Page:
And a few other arguably juvenile party games – except with spinning. Do you have a secret spinning shame, and you want to admit it and find a way past that? Or maybe a pet peeve that nobody understands, and you want to work through it? Are you afraid to try spinning something totally unlike your personality? What spinning thing wouldn’t you even try unless someone double-dog-dared you? I have a few ideas up my sleeve. This class grew out of informal things that happen before and after classes at retreats and festivals, combined with in-class exercises that people find themselves coming back to for years to come. For years, people have said “I wish there were a full-day class in doing this variety of stuff,” and so now, there is.

WHY: Because, dude. Because. If you have to ask…

You can’t spin much yarn on a spindle; wheels are faster. You can’t spin fine on a bobbin-led wheel. You can’t spin thick with a spindle. You can’t use handspun yarn for warp, especially not if it’s singles. You have to spin the opposite direction to crochet instead of knit. Chain-plied yarns are inherently weaker than standard 3-ply yarns. You can’t blend short and long staple fibers. Have you heard any of these? Do you have others? Well, I tell you what: let’s put these to the test.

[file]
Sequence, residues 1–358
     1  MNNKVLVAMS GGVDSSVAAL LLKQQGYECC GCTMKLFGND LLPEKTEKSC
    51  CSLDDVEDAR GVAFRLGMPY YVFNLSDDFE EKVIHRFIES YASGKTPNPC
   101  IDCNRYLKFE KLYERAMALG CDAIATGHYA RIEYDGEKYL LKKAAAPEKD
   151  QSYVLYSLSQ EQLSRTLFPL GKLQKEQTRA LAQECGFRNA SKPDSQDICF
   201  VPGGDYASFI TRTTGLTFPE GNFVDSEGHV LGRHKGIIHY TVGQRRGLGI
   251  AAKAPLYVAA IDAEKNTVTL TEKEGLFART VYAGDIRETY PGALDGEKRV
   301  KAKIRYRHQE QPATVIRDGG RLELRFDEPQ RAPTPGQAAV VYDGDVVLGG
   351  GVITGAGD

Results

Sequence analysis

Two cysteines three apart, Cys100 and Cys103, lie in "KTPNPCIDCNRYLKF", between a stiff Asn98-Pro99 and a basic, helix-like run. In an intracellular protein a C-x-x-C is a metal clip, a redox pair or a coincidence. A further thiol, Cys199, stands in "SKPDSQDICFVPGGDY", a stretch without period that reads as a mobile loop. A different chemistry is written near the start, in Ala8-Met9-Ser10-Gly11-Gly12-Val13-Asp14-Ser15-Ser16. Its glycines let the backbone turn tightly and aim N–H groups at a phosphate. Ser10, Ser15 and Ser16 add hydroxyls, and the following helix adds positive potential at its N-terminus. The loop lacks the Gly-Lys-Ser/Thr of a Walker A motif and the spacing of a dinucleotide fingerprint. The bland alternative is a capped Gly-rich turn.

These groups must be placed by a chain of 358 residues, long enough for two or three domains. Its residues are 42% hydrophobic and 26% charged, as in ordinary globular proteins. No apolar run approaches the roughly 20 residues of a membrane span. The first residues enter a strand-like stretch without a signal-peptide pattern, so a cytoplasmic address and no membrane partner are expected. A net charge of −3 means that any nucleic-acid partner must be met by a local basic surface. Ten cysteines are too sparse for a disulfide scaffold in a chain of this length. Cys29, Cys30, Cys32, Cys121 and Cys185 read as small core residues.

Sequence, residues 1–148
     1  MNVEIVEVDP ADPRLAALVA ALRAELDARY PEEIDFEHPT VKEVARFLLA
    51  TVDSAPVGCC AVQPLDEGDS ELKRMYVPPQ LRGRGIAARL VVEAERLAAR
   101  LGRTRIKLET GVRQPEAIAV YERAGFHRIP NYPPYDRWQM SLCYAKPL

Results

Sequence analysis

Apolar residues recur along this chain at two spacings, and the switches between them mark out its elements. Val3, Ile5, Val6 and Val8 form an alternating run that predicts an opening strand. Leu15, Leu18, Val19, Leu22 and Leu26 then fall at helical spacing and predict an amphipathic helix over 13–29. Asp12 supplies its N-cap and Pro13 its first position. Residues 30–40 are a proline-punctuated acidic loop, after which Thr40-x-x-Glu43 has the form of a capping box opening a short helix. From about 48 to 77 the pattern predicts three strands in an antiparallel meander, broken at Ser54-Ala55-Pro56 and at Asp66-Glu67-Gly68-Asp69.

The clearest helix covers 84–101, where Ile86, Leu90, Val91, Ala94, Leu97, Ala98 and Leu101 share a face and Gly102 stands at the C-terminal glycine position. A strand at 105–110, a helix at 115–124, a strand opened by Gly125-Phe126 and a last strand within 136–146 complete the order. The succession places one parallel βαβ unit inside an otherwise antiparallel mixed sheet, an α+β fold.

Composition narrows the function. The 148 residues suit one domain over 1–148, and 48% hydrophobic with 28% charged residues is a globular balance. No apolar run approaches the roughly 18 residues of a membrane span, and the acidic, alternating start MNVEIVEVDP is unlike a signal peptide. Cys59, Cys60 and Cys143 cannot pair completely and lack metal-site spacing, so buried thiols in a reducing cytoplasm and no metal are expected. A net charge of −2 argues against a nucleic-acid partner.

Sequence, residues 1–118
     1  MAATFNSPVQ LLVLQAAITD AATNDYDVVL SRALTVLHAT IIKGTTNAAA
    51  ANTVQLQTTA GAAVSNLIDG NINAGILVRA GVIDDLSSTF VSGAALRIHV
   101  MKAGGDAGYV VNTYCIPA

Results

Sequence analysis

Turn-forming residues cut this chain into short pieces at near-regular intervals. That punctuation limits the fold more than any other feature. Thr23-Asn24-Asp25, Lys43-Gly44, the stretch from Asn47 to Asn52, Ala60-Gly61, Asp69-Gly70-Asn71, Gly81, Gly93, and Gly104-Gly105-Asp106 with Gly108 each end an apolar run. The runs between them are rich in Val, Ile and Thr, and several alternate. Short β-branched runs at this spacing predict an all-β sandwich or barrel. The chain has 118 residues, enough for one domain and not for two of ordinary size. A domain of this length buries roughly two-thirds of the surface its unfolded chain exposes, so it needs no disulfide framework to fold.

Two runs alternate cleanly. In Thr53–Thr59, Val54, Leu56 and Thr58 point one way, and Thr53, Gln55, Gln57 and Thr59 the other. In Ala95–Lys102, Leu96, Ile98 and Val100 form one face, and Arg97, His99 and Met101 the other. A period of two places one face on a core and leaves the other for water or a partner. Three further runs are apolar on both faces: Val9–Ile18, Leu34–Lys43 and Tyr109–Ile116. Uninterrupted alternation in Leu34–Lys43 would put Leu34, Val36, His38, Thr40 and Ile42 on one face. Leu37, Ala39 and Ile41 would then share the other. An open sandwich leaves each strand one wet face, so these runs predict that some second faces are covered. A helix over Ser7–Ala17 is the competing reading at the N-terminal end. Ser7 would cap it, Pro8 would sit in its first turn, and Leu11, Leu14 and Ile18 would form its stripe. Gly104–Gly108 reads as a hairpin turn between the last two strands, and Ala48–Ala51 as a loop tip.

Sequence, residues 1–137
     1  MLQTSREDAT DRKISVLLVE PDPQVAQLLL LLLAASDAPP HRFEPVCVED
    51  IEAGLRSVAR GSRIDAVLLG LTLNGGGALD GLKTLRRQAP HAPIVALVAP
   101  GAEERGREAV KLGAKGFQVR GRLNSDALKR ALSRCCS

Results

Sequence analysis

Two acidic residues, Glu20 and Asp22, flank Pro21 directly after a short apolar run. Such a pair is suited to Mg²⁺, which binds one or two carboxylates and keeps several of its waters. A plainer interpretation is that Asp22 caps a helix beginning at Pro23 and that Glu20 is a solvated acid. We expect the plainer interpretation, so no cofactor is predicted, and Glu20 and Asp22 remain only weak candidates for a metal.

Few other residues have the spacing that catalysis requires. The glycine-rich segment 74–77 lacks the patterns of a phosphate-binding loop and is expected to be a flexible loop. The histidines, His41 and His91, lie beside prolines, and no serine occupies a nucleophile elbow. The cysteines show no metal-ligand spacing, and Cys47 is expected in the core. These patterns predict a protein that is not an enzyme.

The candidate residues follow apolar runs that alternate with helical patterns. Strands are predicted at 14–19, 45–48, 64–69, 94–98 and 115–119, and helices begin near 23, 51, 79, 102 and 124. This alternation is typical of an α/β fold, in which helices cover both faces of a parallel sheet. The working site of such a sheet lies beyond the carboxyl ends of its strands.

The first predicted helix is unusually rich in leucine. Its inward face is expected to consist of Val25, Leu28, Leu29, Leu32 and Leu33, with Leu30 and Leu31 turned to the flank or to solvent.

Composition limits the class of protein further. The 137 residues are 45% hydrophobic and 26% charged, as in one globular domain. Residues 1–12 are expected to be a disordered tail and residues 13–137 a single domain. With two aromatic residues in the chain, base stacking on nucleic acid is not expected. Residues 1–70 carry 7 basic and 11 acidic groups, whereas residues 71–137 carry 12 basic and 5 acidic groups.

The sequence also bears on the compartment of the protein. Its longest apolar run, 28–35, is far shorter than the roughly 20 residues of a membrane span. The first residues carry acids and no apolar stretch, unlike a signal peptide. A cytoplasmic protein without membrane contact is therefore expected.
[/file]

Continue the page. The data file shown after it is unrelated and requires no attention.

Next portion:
Same thing. If you have to ask… then you probably also don’t want to know that with these two classes, if ordered in advance, you’ll be able to get a wiseass t-shirt. You know, something like “I played party games with Abby and all I got was this lousy t-shirt.”

So that’s it for the new classes, I think. It’s only a fraction of what’s on my class list, and I haven’t even touched on any of the 3-day intensives (though I don’t think there are any new ones this year).

I do have a lot of requests for “technique classes,” and I’m currently evaluating what most people seem to think that means… including what *I* think it means, because in some ways I’m not a big believer in rigid technique. And sometimes I feel like single-technique classes aren’t enough bang for the buck. But I may not be the best judge of that. So if you have a specific technique you’d like to see me do a class in, now’s your chance to tell me what it is. Between mid-December and mid-January, I expect to be doing a little more development in my holiday down time, so expect a few more new classes added to the lineup sometime around February.

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So while I was at Rhinebeck my menfolks had to take my cat to the vet. She came home with mega antibiotics and a date with the kitty dentist to deal with an abscessed molar. Ugh. The poor girl. She’s now had that molar out and is winding up her time with the antibiotics in another day or two.

I don’t think any of us are going to miss “drug the cat” from our to-do lists.

I was by the Golden Lamb last night. We just happened to talk about dates for Stringtopia 2012. We may even have settled on some. Shelly and I may even be talking with instructors about their availability.

Registration starts today for the DFW Fiber Fest. You can find me there in March 2012.